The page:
When Paul wrote to the Corinthian church he had to deal with not only their problem of dividing over men… (each one of you says, “I follow Paul,” or “I follow Apollos,” or “I follow Cephas,” or “I follow Christ” 1:12)… but with their immorality, abuse of the Lord’s Supper and a number of other problems as well. One of those problems was a misunderstanding and misapplication of spiritual gifts. In their misguided pursuit of what they considered the “best gifts” – those things by which they could be prominently seen before men as they displayed their abilities – they had completely missed the real “best gift.” Apparently they considered the ability to speak languages they hadn’t learned to be the best gift. It was, at least, the most conspicuous gift.
Actually, their problem was pride. That was true in not only this matter of speaking in other languages, but was a large element in their other issues as well. Paul assessed this as their problem regarding the fornication among them in chapter 5:2. He says of them, “…you are arrogant!” In their pride they had minimized the gospel. Some among them – those who thought of themselves as being wise – said the gospel was foolishness!
People miss out on so much when their vision of Christianity is obscured by an inflated image of themselves. This is what Paul was speaking about in the first three verses of 1 Corinthians 13, the great chapter on love..
“If I speak in the tongues of men and of angels, but have not love, I am a noisy gong or a clanging cymbal. And if I have prophetic powers, and understand all mysteries and all knowledge, and if I have all faith, so as to remove mountains, but have not love, I am nothing. If I give away all I have, and if I deliver up my body to be burned, but have not love, I gain nothing.” (1 Corinthians 13:1-3).
His assessment amounts to this:
It doesn’t matter if one could speak all the languages in the universe – if he does not speak with love he is just making a lot of noise. If one could prophesy more than any other prophet and had the gifts of understanding and could interpret mysterious things, he amounts to nothing in God’s sight if he does not have love. If one were to give away everything he owns and then gives his body as a burnt offering, if it is not from love, he gains nothing from all his sacrifices.
The things Paul names here are things people could do and boast about. They were proud of what they could do and were ostentatious in exhibiting their gifts. In having these showy gifts they felt they had “arrived” – they were better than those who did not have what they had. In their thinking, God had especially blessed them above others.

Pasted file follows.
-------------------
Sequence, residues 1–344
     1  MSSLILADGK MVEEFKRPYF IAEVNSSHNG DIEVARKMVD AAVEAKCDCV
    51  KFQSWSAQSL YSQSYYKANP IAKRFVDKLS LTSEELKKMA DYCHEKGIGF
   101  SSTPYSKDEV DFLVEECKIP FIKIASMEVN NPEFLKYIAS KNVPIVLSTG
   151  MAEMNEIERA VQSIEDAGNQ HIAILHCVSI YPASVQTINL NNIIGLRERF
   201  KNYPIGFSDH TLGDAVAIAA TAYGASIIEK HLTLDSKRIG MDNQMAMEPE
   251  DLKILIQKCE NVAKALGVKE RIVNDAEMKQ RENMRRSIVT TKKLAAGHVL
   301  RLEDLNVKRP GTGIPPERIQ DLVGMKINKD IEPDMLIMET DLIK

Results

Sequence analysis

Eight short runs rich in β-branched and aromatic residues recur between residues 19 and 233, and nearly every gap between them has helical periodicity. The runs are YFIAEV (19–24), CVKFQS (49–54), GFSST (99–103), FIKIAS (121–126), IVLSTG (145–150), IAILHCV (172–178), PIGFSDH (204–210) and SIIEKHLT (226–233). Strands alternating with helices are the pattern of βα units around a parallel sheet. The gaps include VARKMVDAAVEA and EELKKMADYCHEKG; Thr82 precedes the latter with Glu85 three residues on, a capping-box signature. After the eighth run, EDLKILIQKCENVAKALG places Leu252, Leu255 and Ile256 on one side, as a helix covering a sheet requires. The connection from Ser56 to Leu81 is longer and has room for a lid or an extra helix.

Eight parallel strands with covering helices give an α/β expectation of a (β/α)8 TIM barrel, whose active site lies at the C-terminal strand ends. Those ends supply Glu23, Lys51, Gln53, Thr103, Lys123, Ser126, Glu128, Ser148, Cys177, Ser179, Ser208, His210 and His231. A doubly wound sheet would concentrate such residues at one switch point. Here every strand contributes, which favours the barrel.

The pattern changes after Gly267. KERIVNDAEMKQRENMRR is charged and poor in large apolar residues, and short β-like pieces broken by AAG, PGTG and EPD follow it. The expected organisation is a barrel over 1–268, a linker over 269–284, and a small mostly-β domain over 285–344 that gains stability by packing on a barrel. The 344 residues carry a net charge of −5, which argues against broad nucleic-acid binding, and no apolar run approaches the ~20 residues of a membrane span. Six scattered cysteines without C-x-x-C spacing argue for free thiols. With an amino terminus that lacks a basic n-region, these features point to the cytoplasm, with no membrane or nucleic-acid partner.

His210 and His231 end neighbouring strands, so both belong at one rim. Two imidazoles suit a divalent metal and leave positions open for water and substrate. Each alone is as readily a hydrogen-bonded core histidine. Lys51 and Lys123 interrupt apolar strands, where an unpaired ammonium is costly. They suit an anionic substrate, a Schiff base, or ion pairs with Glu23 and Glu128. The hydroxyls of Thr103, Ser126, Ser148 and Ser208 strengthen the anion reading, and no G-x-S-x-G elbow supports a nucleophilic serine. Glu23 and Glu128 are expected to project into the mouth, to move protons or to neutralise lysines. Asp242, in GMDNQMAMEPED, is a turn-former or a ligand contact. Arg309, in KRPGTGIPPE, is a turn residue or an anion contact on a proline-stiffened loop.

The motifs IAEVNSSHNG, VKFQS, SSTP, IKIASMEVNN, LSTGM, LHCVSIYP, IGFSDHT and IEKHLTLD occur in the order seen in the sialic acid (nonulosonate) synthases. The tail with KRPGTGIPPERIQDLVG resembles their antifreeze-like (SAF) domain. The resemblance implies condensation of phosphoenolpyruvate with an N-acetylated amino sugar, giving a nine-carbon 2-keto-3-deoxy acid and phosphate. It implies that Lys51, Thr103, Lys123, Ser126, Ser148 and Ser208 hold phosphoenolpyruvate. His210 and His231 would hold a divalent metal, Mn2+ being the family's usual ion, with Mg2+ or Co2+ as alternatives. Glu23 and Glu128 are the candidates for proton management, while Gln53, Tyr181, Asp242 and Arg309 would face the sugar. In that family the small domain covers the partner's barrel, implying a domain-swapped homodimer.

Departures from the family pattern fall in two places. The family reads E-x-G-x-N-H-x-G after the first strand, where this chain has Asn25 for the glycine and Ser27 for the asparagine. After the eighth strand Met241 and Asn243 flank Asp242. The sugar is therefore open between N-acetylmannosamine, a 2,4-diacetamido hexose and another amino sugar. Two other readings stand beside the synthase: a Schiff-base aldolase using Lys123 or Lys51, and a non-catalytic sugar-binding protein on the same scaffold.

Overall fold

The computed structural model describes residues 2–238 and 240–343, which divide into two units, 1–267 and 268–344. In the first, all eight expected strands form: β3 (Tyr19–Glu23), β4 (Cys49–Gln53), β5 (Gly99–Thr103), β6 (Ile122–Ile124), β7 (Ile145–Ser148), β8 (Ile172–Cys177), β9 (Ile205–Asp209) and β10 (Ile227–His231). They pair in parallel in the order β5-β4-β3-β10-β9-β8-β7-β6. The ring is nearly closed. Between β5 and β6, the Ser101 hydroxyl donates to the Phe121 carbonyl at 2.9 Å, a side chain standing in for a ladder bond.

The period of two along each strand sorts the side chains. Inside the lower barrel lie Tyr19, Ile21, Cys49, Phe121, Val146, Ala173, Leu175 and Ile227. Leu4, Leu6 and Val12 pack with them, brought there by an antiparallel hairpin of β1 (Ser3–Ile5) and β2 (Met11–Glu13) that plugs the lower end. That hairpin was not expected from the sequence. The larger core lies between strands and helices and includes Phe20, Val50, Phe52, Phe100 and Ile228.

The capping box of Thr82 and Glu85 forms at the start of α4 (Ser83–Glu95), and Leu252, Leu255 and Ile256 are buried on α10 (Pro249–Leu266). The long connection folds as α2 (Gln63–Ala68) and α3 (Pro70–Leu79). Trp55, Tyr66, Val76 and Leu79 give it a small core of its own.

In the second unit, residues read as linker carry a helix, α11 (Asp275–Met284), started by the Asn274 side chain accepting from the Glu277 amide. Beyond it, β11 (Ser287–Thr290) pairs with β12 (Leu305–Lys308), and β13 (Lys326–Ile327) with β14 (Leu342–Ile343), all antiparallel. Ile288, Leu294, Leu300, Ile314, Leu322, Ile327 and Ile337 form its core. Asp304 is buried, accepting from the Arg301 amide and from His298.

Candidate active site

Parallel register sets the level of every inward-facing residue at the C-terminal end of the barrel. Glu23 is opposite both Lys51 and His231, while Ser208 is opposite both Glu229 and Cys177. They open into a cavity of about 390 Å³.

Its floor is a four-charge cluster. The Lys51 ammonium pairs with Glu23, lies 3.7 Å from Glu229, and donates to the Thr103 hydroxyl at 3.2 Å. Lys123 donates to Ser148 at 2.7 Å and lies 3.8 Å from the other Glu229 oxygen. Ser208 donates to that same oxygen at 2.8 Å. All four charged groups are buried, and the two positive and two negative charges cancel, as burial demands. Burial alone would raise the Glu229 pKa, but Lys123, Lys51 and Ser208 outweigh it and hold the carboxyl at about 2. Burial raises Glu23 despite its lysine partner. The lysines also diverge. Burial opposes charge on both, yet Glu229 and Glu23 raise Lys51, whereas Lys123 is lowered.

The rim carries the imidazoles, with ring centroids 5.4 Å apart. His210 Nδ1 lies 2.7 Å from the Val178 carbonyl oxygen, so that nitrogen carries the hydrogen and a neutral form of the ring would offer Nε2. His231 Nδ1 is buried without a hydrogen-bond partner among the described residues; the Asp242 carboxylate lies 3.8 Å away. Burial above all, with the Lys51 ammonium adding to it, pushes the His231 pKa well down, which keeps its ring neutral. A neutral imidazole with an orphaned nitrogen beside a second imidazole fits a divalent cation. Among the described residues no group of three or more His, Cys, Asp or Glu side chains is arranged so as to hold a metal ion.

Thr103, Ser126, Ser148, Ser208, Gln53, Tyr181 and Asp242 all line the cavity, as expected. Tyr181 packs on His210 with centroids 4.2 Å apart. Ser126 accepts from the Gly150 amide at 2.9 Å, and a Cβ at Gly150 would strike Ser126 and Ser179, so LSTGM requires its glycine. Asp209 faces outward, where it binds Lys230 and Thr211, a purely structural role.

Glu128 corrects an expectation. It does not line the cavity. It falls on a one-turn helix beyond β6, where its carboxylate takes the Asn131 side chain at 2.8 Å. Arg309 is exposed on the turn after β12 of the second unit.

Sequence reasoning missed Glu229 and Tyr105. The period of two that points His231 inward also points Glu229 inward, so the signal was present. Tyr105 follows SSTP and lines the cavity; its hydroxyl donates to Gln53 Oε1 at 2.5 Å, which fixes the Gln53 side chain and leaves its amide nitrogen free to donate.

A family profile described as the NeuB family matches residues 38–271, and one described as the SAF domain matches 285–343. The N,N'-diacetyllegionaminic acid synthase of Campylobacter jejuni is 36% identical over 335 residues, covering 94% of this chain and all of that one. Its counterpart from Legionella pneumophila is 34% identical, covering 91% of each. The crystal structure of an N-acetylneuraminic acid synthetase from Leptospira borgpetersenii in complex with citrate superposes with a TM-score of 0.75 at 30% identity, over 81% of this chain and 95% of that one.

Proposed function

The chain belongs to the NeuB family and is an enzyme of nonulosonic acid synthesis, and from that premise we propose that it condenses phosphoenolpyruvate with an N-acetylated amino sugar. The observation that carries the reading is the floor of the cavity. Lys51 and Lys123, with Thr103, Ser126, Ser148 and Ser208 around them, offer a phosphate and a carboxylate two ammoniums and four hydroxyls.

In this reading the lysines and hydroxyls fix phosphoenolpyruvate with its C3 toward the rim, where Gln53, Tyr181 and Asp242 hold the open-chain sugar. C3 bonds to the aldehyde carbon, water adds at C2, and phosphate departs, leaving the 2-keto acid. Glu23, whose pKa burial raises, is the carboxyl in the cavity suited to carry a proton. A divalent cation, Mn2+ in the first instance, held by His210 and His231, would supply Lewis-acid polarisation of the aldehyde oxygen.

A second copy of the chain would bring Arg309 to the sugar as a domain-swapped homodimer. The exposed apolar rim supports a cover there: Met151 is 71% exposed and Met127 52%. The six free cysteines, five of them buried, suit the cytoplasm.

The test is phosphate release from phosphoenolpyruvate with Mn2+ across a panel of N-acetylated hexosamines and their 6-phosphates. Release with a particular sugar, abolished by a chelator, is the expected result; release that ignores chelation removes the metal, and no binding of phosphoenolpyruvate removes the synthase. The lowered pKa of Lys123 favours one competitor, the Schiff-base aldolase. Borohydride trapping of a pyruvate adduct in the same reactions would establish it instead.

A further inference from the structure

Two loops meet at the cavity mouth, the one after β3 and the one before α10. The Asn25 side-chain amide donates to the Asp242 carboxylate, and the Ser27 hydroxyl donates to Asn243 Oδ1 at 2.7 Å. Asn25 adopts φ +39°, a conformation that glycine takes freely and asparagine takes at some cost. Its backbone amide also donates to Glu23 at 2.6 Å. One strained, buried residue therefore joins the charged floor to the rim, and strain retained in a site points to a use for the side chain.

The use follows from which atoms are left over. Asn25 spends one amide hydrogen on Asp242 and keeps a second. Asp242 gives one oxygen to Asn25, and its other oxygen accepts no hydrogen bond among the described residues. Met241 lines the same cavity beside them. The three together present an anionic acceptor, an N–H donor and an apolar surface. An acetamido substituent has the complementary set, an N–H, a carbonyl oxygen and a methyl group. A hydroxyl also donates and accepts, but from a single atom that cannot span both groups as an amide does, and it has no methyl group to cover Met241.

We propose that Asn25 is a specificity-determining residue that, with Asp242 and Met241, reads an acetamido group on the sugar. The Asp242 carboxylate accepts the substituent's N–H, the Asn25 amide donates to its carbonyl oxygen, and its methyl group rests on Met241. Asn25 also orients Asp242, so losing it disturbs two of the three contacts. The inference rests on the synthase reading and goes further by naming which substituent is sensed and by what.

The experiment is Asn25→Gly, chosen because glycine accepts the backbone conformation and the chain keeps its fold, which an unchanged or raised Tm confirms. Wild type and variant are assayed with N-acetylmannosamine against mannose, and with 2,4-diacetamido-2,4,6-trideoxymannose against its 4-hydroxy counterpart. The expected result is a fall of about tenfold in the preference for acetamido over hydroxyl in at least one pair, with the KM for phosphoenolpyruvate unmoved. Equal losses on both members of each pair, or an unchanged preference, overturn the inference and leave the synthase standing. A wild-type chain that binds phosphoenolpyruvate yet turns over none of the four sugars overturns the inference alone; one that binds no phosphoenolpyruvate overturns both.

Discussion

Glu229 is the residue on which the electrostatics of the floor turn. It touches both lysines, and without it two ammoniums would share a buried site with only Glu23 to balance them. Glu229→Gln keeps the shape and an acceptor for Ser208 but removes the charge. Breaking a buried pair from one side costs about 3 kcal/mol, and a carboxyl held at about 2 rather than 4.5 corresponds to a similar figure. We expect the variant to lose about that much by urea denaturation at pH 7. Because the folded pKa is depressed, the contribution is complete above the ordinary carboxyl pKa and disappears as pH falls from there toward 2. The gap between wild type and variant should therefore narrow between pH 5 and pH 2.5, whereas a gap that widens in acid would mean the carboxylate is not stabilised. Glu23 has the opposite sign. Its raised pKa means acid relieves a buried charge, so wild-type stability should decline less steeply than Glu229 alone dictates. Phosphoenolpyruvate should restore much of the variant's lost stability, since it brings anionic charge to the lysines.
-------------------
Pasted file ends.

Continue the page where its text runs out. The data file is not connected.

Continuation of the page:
Sadly, this problem of religious pride was not confined to the first century Corinthians. There are many examples of it today. People look down on others who are not “members” of their church because they believe their church is the one and only “true” church. The scorn those who do not subscribe to their “version” of “sound doctrine.” Lest anyone think I am picking on them or their religious group, this is a universal tendency among practically all religious people. Everyone wants to think they are right and that God favors them above all others.
Sadly, almost everything people boast of as making them unique originates with man. They have, of all people, truly and properly discerned the truth. We have achieved! We have arrived! We have restored! We got it right! God must favor us above all others! All others have missed it and are wrong. Ultimately this kind of thinking elevates man and de-emphasizes God.
Inevitably, with this kind of thinking, there is no room left for the exercise of love for our fellow man. When the emphasis is on ourselves and out attainments, we simply do not have the capacity to think of others and their needs – pride in our achievements consumes our will and our energy to do so.
Notice how Paul says love behaves. Notice how much of what he says strikes at the issue of pride…
“Love is patient and kind; love does not envy or boast; it is not arrogant or rude. It does not insist on its own way; it is not irritable or resentful; it does not rejoice at wrongdoing, but rejoices with the truth. Love bears all things, believes all things, hopes all things, endures all things.” (1 Corinthians 13:4-6).
All the things that love does not do are the evidences of pride or self-centeredness. When the emphasis is self, God and others are minimized and marginalized. Self and what I have accomplished takes center stage. Love, by its very nature, looks beyond self. Love demands that there be an object of that love. Love for God causes us to trust Him – pride causes us to trust in ourselves. Love binds people together – pride drives people apart.
Pride and love cannot dwell together in the human heart. They are the antithesis of each other. If we would be children of God, we must rid ourselves of all the false pride and all the things that lend to it.
We must, as Paul exhorted the Philippian saints, “Do nothing from selfish ambition or conceit, but in humility count others more significant than yourselves. Let each of you look not only to his own interests, but also to the interests of others.” (Philippians 2:3-4). When we humble ourselves as Jesus did then God will do the exalting!
“Have this mind among yourselves, which is yours in Christ Jesus, who, though he was in the form of God, did not count equality with God a thing to be grasped, but emptied himself, by taking the form of a servant, being born in the likeness of men. And being found in human form, he humbled himself by becoming obedient to the point of death, even death on a cross. Therefore God has highly exalted him and bestowed on him the name that is above every name.” (Philippians 2:5-9).